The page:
Boredom was inventive; it sought small variations, the little diversities one could savour. It created the varieties of memory that one treasures. Boredom was the only domain where textuality and orality co-existed. The few resources we had, like the comic book, the cricket ball and our little fund of stories, we shared. Boredom turned the world of subsistence into sustainability. It created the corpus of memories we survive on. Memory grew on the humus of boredom. Today we are grateful for the legacy it provides us. Tell me your moments of boredom and I will tell you how inventive you are. Consumerism and media, with the demands of liberalisation, corroded boredom. There were new excitements one could buy into. Events were boxed and presented in TV. One no longer had to forage for them. We lost the ability to be scavengers in time, one of the great forms of creativity that the India of the 60s provided us.

The demand for speed destroyed boredom. Speed industrialised boredom and canned our expectations. We did not explore the real, taste the bazaars of life wading in dirt and limited resources. Now we took things for granted, especially the phone. The email and PC filled boredom. These huge land-fills of pre-fabricated time could never have understood the haiku-like vanity of the postcard. Four or five lines of intense waiting, read and read as memorials of an everyday event. But waiting and boredom gave memories a certain edge. They let us replay it, savour it and explore it.

Now memory is more ersatz. We now produce remixes of memory which lacks the sense of renewability the original gave. Replaying Mushtaq Ali’s knock or Dhyan Chand’s stroke or a story about Milkha Singh is not the same as watching Tendulkar or Dhoni on TV. The repetition of the first kind was classically different from the second which left little to the imagination.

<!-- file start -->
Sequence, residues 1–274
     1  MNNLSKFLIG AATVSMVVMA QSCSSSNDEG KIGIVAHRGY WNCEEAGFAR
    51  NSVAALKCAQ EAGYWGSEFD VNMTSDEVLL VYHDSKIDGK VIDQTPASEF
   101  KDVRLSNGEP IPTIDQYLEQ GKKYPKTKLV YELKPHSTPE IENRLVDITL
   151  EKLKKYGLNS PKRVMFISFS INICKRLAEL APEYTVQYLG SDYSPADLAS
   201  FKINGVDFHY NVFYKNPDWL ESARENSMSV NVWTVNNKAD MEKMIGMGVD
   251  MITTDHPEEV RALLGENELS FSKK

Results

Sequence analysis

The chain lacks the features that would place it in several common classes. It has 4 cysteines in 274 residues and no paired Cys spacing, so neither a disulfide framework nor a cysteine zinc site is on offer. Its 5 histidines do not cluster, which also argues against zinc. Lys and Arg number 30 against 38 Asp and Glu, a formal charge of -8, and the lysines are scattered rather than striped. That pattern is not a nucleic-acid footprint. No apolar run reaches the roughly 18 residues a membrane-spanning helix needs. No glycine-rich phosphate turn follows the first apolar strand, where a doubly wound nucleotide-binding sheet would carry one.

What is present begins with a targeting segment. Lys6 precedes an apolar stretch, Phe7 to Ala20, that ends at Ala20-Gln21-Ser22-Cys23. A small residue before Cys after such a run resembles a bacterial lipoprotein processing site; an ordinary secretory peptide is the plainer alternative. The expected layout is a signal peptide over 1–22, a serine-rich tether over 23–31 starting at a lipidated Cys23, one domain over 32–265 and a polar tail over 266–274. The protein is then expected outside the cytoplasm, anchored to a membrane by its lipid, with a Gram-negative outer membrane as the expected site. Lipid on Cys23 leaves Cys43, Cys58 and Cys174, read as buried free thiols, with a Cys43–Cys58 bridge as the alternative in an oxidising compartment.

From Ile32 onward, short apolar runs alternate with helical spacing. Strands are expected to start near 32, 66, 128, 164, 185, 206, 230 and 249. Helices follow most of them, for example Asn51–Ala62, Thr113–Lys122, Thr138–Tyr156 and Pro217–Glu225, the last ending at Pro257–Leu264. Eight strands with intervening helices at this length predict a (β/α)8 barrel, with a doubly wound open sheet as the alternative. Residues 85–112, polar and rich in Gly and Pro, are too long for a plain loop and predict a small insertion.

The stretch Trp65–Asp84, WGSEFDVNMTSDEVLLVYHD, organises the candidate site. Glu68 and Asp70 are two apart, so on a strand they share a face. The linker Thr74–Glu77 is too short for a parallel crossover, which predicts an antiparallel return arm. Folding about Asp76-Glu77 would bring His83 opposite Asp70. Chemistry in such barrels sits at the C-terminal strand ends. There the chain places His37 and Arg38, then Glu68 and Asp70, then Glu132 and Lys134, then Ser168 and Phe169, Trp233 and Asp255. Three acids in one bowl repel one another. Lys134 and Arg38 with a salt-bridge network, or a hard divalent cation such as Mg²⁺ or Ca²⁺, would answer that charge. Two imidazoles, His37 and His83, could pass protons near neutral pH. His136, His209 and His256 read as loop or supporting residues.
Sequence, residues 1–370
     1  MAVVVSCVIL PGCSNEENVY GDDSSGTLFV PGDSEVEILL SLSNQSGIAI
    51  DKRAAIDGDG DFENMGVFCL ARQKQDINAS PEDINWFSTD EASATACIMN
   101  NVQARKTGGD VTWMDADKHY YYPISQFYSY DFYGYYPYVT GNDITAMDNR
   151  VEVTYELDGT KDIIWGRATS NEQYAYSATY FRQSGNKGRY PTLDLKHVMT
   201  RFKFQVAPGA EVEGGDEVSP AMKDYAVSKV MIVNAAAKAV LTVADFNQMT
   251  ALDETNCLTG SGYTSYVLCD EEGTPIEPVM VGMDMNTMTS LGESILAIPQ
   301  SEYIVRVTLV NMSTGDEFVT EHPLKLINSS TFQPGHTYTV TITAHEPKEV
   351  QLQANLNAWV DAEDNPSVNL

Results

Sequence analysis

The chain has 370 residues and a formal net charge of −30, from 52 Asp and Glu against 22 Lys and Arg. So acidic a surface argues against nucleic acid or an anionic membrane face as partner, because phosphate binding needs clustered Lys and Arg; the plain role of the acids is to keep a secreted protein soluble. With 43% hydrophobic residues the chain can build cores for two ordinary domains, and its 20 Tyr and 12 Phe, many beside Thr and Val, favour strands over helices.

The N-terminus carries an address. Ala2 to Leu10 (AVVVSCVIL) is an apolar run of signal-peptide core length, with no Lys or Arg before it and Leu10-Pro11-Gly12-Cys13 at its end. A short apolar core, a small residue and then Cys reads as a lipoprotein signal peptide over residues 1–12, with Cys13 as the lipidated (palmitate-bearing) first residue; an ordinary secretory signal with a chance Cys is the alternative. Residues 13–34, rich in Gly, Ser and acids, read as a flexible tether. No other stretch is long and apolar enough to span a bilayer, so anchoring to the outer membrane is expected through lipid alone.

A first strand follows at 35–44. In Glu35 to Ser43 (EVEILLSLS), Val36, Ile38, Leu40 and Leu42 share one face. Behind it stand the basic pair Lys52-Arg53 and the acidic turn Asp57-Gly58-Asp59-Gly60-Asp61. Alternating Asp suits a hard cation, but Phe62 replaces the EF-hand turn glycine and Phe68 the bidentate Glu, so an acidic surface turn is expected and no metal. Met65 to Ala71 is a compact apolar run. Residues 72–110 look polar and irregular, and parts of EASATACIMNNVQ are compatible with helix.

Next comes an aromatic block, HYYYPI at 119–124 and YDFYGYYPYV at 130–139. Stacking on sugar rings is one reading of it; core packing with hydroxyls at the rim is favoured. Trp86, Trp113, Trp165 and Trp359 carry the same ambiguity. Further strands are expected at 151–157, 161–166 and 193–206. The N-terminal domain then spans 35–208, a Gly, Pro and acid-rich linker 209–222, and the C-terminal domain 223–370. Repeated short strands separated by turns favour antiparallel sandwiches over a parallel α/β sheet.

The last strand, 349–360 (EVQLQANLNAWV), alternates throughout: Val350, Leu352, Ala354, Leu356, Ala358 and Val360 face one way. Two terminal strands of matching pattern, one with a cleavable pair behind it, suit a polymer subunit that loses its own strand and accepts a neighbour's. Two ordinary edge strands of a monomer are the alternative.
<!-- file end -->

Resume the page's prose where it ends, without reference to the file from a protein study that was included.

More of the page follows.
This is why I want to argue that the right to school and the right to education are not playful enough. One needs a corresponding right to boredom. Maybe the word right is the wrong word. The word right is dutiful. It marches in uniform and outlines an entitlement. Boredom needs availability but without the officialdom of guarantees. It is there. One snatches it, one nurses it. One cannot account for boredom. You cannot scale it up. Both children and adults need boredom like they need the creativity of friendships. I cannot sympathise with the TV and the computer because they cannibalise time. They create information without the husk of true memory. I find children lack boredom today. Their vacations are pre-packaged with things to be done. In the era of boredom it was more a wishlist. Democracy needs that wonderful sense of boredom. Without it, one lacks the rhythms of tolerance, the sense of being that makes life liveable, laughable, memorable and engagingly loving.

Shiv Visvanathan is a social scientist

Shiv Visvanathan